HSBC sees rising investments from Middle Eastern investors in Asian equities

Asian markets offer investors opportunities to deploy 'big amounts of money', HSBC's head of Asian and Indian equities says

Customers exit and enter an HSBC Holdings Plc bank branch at night in Hong Kong, China, on Saturday, Feb. 16, 2019. HSBC is scheduled to release full year earnings results on Feb. 19. Photographer: Anthony Kwan/Bloomberg
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Investors in the Middle East have a growing appetite for investments in the Asian equities markets, especially those in China and India, despite escalating US-China trade tensions and concerns about an economic slowdown in India, a senior HSBC executive said.

"We are seeing the signs of increasing interest from this region for Asia. There is interest in [equities investments] in India and China in particular and some into the broader Asian region," Sanjiv Duggal, the Hong Kong-based head of Asian and Indian equities  at HSBC told The National in an interview in Dubai.

“These are big economies and they offer a lot of different types of investment opportunities. Some of the big institutions here can deploy reasonably big amounts of money in these economies.”

The US and China, the world’s two biggest economies, have been engaged in a tit-for-tat tariff war that has threatened global economic growth and forced the World Bank and the International Monetary Fund to revise down their projections for world economy this year. Global equities swung wildly earlier this year when US President Donald Trump threatened to further escalate trade war and eventually imposed a 15 per cent tariff on $112 billion (Dh411bn) in Chinese goods on September 1.

There are reports now that the US administration is considering an interim deal with China, which could lead to the removal of the most recent round of tariffs, bringing total US trade levies on Chinese products down to about $250bn.

Although the uncertainty stemming from the retaliatory tariff war will remain in the minds of investors, the market has “discounted the risks” as it went through various scenarios of “deal and no deal”, Mr Duggal said.

Earlier in the year, trade tensions had led to large net capital outflows from China, with investors pulling $49.9bn out of Chinese markets during the second quarter, according to the Institute of International Finance. However, in August investors pumped $1.5bn back into Chinese equities.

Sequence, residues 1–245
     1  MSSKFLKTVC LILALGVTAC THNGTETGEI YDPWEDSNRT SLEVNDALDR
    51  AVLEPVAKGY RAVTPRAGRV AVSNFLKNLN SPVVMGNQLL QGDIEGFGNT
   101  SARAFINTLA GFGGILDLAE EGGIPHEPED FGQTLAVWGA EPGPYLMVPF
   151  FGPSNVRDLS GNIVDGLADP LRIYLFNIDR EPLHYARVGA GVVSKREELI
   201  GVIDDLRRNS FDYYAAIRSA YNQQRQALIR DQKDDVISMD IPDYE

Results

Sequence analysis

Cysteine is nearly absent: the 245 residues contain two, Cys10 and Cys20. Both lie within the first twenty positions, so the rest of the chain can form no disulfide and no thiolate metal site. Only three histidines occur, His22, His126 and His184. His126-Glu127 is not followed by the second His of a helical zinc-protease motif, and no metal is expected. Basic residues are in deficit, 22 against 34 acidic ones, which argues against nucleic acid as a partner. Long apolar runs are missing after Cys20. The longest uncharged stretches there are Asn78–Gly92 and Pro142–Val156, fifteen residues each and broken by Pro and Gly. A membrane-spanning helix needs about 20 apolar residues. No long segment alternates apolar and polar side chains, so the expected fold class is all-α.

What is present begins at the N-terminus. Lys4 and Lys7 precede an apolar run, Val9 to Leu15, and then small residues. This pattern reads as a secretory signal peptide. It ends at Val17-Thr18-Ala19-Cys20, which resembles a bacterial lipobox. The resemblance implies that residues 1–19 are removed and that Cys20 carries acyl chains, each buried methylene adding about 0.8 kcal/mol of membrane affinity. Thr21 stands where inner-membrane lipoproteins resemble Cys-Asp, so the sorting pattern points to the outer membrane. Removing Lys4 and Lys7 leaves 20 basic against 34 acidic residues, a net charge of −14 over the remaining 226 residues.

“The intensity of [trade war impact on markets] is manageable for now and the market is reacting less,” Mr Duggal said.

He argued that regional investors, be they high net worth individuals, family offices, institutions or sovereign wealth funds, are looking to diversify their portfolios and rebalance assets to hedge risks, which means increasingly deploying capital in Asia, which remains in growth mode.

Investors looking to deploy long-term capital, whether in direct investments, equities or fixed income, have a lot of opportunities in these markets, where large economies like Indonesia, China and India are growing in the 5 to 7 per cent range.

HSBC globally manages assets in excess of $500bn. In terms of geographical split, the Americas account for $106.4bn of managed assets , Europe Middle East and Africa for $255.9bn and Asia Pacific for $145.1bn.

The bank launched a China-focused fund last week that will invest in Chinese A shares. The fund will be registered in different regions to give investors easier access and HSBC is already witnessing “reasonable interest in the [open-ended equities] fund”.

Communications services, telecoms, gaming, e-commerce and emerging technologies are some of the sectors HSBC likes in broader Asian markets.

“We like consumption [related stocks] and within consumption we are looking more at services, gaming and e-commerce, rather than the likes of auto companies,” he said. “We are underweight on financial sector [stocks] …. in the region.”

Until July last year , HSBC was bullish on the Indian market, however, it has cut down its investments in third-largest Asian economy, fearing a credit crisis driven by non-banking financial corporations (NBFCs), commonly referred to as shadow banks in India.

However, Mr Duggal said HSBC has started looking at investment opportunities in Indian equities again as the country's long-term growth prospects remain intact despite a slowdown in the last financial quarter.

Mr Duggal was also bullish on the bank’s investments in Hong Kong, one of the top Asian financial hubs, despite ongoing protests that have rattled the market. HSBC, he said.

Developments in Hong Kong have created a lot of “noise and mispricing opportunities” where some of the good companies were excessively sold off, he said.

“It creates opportunities of us and our clients to buy into those particular names,” he said.